Chinsurah: Students find out relevance of Dutch heritage

Satabdi Biswas, Mrinalini Datta Mahavidyapith, Birati, Kolkata, India

India is unity in diversity. It is admixture of many cultures from time immemorial. Many people came to India, lived here and left the indelible impression of their culture which is a part of our rich heritage. Chinsurah is one such place where Dutch people came long back, lived and left a rich heritage. Chinsuarh is situated in the district of Hooghly in West Bengal on the right bank of river Bhagirathi and about 50 km away from the city of Kolkata in India. The district extends between 23°1’20” and 22°39’32” North latitudes, and 88°30’20” and 87° 30’15” East longitude. In earlier times, tidal current used to come to that place regularly enabling small ships to come here from the Bay of Bengal. Dutch sailors discovered Chinsurah four hundred years ago for business purpose even before the British came. It was one of the important trading centres of the then Dutch East India Company since 1607.

The Netherlands Government and the state Government of West Bengal (India) decided to promote that historical place for tourism and explore its true essence. Several Dutch architectures are lying there in Chinsurah like fort, Dutch cemetery, toll collection gate, Tomb of Susana Anna Maria and some houses. This heritage contributes to our culture a lot. Some of them are also in good conditions and many buildings are in ruined condition, like toll tax collection gate.

It is situated along ‘Taldanga Road’ which is further connected with G.T. Road. Now it is called ‘Tola Fatak More’. Formerly there were two pillars with a gate and the then Dutch Government representative used to collect tax from people doing inland business. Now it is nothing but broken brick pillars laying aside the road. Another big building was the Fort known as ‘Gustavus’. There is no mark of it now; only the demarcation pillar of outside garden was there. Some pillars are also there and a pillar named as No.18. It is near about 10′ tall. We saw one of the pillars in the east side towards the river Bhagirathi.

We also visited the Armenian Church. The foundation stone of this church was laid by the then last Dutch Governor. The Sandeshwar Jeu Temple is situated just on the river bank name Sandeshwar Ghat. It is a Hindu temple where lord Shiva is worshiped. The last Dutch Governor Daniel Overbeck gifted two brass drums to the Temple which are still there.

Objective: To find out the importance of Dutch Heritage in Hooghli District with special emphasis on their influence in present day context.

The survey details are given below:

Name of the college Mrinalini Datta Mahavidyapith
Department Geography
Students 31
Faculty Member 4
Student’s Quote “…We are overwhelmed to see the contribution of the Dutch on our culture, society and this study enriched us both geographically and historically “… Nilimesh Majumder 1st year


..”This socio-economic study in Chinsurah motivated us to identify many contributions of the Dutch in Southern Bengal…” Samrat Biswas 3rd Year



Teacher’s Quote:  
Satabdi Biswas ..”From the questionnaire study we see that the young generation are not very much aware about the historical contribution of Dutch. At the same time they are willing to preserve the same for future….”
Priyadarshini Sen ..”This study of ours not only explores the geographical parameters of Chinsurah but also highlights the historical importance of the same ….”
Chinmoyee Mallik …”This project will help our students to get a complete picture of Chinshura with special mention of the Dutch influence on the pre-independent society of Bengal….”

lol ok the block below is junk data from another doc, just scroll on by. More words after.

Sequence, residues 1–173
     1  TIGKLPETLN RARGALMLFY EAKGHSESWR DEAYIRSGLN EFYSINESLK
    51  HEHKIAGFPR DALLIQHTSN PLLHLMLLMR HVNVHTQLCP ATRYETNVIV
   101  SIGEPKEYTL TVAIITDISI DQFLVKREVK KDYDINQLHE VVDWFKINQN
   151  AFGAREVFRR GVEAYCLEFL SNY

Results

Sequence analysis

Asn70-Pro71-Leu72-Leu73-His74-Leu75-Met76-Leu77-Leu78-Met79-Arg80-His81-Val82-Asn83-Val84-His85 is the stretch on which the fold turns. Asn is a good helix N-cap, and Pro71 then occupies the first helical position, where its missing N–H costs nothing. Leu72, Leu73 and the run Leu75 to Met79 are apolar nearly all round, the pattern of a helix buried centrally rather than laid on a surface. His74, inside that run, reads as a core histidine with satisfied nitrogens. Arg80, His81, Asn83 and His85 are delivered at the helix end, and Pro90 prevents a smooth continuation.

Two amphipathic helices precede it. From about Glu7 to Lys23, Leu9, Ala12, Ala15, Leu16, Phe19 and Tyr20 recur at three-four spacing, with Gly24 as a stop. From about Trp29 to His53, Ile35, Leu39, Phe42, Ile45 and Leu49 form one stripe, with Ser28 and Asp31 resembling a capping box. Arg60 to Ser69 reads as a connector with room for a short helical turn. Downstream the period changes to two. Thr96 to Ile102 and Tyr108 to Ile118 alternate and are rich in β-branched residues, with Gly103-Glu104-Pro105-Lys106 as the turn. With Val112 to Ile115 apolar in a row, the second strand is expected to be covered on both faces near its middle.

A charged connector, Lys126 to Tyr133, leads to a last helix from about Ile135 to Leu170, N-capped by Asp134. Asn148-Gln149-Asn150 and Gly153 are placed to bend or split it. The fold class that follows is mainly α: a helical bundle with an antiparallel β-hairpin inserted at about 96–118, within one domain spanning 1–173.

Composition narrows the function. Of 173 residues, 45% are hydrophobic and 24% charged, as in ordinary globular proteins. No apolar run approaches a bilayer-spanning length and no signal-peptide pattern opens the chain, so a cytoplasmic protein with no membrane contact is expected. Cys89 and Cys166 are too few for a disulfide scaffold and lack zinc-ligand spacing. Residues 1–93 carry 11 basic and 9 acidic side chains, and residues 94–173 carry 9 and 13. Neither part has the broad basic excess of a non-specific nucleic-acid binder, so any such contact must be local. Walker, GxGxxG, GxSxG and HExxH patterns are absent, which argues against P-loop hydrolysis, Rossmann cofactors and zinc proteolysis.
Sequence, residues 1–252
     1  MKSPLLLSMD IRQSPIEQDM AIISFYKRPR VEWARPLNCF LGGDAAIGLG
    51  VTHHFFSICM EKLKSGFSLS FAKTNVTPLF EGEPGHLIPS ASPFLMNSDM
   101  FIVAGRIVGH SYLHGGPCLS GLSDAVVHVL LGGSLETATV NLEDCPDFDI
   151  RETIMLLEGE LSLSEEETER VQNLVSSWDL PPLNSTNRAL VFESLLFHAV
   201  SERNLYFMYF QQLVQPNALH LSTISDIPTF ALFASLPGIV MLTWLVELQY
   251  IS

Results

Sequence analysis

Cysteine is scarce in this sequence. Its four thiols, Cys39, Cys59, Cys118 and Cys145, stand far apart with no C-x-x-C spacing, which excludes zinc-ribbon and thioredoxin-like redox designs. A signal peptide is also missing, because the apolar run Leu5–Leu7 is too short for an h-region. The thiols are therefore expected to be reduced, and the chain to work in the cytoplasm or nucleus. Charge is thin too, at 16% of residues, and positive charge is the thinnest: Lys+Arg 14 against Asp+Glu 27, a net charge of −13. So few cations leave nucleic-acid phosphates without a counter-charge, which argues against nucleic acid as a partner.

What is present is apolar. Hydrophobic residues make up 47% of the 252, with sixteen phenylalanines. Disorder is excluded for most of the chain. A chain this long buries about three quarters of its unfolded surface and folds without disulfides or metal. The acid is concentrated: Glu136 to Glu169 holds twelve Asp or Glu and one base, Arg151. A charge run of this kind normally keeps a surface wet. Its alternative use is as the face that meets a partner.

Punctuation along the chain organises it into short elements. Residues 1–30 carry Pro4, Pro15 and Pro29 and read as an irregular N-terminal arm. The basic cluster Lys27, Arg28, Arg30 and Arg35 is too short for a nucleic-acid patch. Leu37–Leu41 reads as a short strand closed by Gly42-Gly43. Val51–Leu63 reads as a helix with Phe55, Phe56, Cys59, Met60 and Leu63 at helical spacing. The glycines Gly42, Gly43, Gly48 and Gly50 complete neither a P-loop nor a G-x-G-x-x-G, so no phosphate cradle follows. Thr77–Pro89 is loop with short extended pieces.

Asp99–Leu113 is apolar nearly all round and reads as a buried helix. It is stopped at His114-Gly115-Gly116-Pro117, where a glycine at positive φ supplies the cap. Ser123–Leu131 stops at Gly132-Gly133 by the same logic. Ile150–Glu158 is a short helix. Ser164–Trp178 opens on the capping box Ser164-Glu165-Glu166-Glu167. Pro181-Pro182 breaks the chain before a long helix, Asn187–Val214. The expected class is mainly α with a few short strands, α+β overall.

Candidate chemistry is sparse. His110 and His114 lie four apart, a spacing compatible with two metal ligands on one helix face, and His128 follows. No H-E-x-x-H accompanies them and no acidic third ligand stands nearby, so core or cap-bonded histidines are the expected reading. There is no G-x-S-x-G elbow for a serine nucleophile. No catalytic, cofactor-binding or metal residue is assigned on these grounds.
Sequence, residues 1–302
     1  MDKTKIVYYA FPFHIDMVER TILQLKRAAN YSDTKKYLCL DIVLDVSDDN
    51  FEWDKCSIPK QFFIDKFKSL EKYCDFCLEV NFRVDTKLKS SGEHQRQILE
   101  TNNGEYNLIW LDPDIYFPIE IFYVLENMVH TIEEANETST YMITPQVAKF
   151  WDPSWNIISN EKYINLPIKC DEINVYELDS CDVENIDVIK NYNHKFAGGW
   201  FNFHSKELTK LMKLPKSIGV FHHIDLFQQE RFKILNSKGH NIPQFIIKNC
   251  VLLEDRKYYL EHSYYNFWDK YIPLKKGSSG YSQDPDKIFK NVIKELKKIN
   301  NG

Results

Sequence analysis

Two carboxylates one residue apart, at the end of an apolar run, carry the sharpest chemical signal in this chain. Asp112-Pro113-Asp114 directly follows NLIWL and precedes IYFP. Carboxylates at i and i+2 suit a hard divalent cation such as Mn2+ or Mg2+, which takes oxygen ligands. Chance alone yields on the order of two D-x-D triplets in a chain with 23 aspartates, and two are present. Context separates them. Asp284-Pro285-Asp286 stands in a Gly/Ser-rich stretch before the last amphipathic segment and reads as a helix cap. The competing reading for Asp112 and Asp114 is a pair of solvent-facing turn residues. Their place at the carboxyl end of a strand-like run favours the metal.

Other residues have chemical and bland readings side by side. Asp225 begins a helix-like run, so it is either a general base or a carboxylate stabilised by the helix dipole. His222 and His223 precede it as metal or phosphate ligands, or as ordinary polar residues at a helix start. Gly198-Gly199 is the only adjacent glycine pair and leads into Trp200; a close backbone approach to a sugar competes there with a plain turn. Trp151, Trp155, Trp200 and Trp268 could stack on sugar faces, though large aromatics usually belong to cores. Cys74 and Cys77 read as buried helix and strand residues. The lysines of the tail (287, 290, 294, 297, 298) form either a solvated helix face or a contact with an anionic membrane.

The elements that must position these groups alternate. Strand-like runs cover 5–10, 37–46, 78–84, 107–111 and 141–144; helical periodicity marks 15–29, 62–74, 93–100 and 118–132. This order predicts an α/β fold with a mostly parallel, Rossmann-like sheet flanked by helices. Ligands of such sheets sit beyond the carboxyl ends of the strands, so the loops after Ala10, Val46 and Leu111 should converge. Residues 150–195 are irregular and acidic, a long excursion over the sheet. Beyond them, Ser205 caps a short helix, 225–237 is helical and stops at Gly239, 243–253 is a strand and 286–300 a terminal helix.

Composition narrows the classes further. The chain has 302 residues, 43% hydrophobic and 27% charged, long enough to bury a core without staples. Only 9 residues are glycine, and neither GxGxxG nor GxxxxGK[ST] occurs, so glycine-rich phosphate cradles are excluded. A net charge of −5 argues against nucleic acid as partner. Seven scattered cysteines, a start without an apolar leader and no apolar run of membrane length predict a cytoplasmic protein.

Report type Statistical analysis based on the questionnaire schedule

Methodology: Face-to-face interview of the respondents near the above-mentioned place visited.

Survey Results: We conducted a survey along with 31 students to find out the relevance of Dutch heritage among the local people and who visited the sites on that day. The respondents age composition was of 18-40 years and 41 to 60 years and above. The students below 18 years were also questioned regarding their perception of the Dutch heritage in their places of visit or residence. Most of the young people do not know about the places and surprisingly older citizen are much more aware of that. At the same time most of the young respondents advised us to restore the sites as these are very important. Most of the respondents belong to the students’category, unemployed and the service category of occupation

The respondents informed that a few tourists come here during winter of which about 80 percent are Indians and rests are foreigners. The residents however pose satisfactory opinion regarding the Dutch Heritage maintenance. Almost everyone interviewed confirmed that the tourism should be encouraged. With much publicity and increase in the number of visitors, business activities will also enhance as a consequence. Basic road infrastructure should also improve along with means of various transports to attract more international tourists.

20% of the respondents said that the conservation of Dutch Buildings are in good condition and 20% said that it was in bad condition and 60% also conform their answer in satisfactory portion.

The Dutch Cemetery was found in a good condition because it was under taken by the Archeologically Department of India.

Findings:– It is interesting to see that all of the respondents are willing to restore the Dutch heritage and at the same time they also request that the Government of India and Netherland jointly took the initiatives to restore the same.

Acknowledgement: We are highly indebted to the members of India-Netherlands Friendship Society, especially Dr. Ganesh Nandy, General Secretary of the organization, for their guidance and support during the entire tour.